Grade: B+Shall We Dance (1996)

Director: Masayuki Suo

Stars: Koji Yakusho, Tamiyo Kusakari, Tamako Tamura, Naoto Takenaka, Eriko Watanabe

Release Company: Miramax

MPAA Rating: PG-13

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Masayuki Suo: Shall We Dance


Shinjuku District, Tokyo, Japan
Shinjuku District, Tokyo, Japan Photographic Print
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As additional proof that Hollywood has no imagination, Miramax is producing an American version of their 1996 Japanese property Shall We Dansu (Shall We Dance) . Whether Richard Gere carries off the project successfully is yet to be seen, but wise moviegoers should seek the original immediately before its charms are lost in translation. Although much of the film's power derives from Japan's repressive Victorian society (where husbands never dare hold their wife's hand in public), it speaks to universal themes that plague us all. How do you find the passion for life after settling down to a safe routine job rut that pays the bills?

Like the silent masters, director Masayuki Suo quickly establishes accountant Shohei Sugiyama's (Koji Yakusyo) mid-life plight through a tightly constructed opening montage. Married to an attractive, loyal wife with a teenage daughter, Sugiyama has bought a house in the suburbs by mortgaging his life to his company. His mundane life now consists of an early morning train commute to the inner city where he works late into the evening, only to return home in time to go to bed. One evening he notices a beautiful young woman sadly gazing out the window of a ballroom dancing studio and is intrigued--a kindred spirit perhaps. Sugiyama determines to meet her to find out why she is so melancholy.

That requires Sugiyama to step out of his comfort zone and enroll in ballroom dancing classes, which in traditional Japanese society is akin to visiting a whorehouse (a co-worker is labeled a "lecher" when his dancing secret is revealed). Sneaking up the studio stairs to avoid being recognized, he joins a Wednesday evening beginner's class, taught by kindly middle-aged studio matron (Tamako Tamura) while his inspirational beauty teaches private lessons across the room. The crowd pleasing story unfolds predictably as the protagonist eventually gets past his infatuation and rudimentary waltz and tango steps and learns to feel the joy of dancing with the music. Of course family complications ensue when his wife notices her husband's sudden change in attitude and strange perfume scents on his clothing, but Seo's screenplay remains true to the romantic comedy genre with satisfying poignant touches as the main characters find the missing passion in their lives.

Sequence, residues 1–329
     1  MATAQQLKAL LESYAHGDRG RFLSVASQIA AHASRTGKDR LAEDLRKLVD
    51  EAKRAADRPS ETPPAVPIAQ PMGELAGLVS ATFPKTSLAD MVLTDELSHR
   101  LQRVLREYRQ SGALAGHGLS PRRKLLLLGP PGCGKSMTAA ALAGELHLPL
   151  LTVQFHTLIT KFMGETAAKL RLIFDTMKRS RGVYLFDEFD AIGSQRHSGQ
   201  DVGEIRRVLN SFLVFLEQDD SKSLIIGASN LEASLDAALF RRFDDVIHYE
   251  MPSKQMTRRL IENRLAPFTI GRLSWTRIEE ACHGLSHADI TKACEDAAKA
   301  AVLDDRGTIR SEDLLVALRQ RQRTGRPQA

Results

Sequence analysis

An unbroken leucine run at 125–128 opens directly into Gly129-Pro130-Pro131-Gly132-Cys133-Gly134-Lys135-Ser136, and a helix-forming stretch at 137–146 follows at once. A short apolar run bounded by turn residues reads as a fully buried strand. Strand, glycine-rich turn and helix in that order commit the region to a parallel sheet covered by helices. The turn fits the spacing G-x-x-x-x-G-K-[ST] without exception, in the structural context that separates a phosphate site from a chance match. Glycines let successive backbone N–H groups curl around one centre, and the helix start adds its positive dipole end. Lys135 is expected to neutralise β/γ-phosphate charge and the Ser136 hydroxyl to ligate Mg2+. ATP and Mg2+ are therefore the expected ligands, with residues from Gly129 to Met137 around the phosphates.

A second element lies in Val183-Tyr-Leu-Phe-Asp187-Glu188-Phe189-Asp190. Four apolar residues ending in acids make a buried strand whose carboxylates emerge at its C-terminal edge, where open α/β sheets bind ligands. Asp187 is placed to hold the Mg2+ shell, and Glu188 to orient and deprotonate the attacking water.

Young world class dancer Mai (Tamiyo Kusakari) remains far more interesting when an enigmatic mystery observed from afar, and her backstory is eventually revealed. However, much more interesting are the opening point of view shots and the wonderfully drawn supporting characters that steal every scene. These are essential when our protagonists are so repressed that their emotional range must remain reserved. Two that stand out from the well-cast ensemble are Naoto Takenaka (as Mr. Aoki) and Eriko Watanabe (as Toyoko)--dancers who personify the root meaning of "amateur" since they truly love the experience. Both supply necessary comic relief that plays off the reserved characters of Mai and Sugiyama wonderfully. Aoki copies a world renowned Latin dancer, down to the moppish black wig he wears to both disguise himself and change his persona while Toyoko continually badgers men to try out as her partner, and tosses out a flurry of insults when they displease her. She admires Sugiyama's grace and elegance, however, and plays a major role in transforming his outlook.

Taking its title from the well-known song from The King and I of Yul Brynner fame, Shall We Dance provides a light-hearted vignette on contemporary Japanese culture while affirming truths about seeking your true passion in life. Despite its manipulative happy Hollywood style ending, what makes this life affirming film work so well is the way Suo respects and draws out his characters, making them real people we can all relate to.

Extremely popular in Japan upon its release and subsequently drawing quite well in American arthouses when word of mouth got out, the entertaining film fast steps through its 118 minutes tightly. If you happen to be among those who haven't experienced Suo's original, be sure to check it out before the American remake hits your local theater. It's difficult to imagine that Miramax has discovered a way to improve the story without the restrictive cultural aspects that add another layer to Suo's film. I suspect that they recognize a sure-fire cash cow in their vaults—thankfully it's available on DVD.


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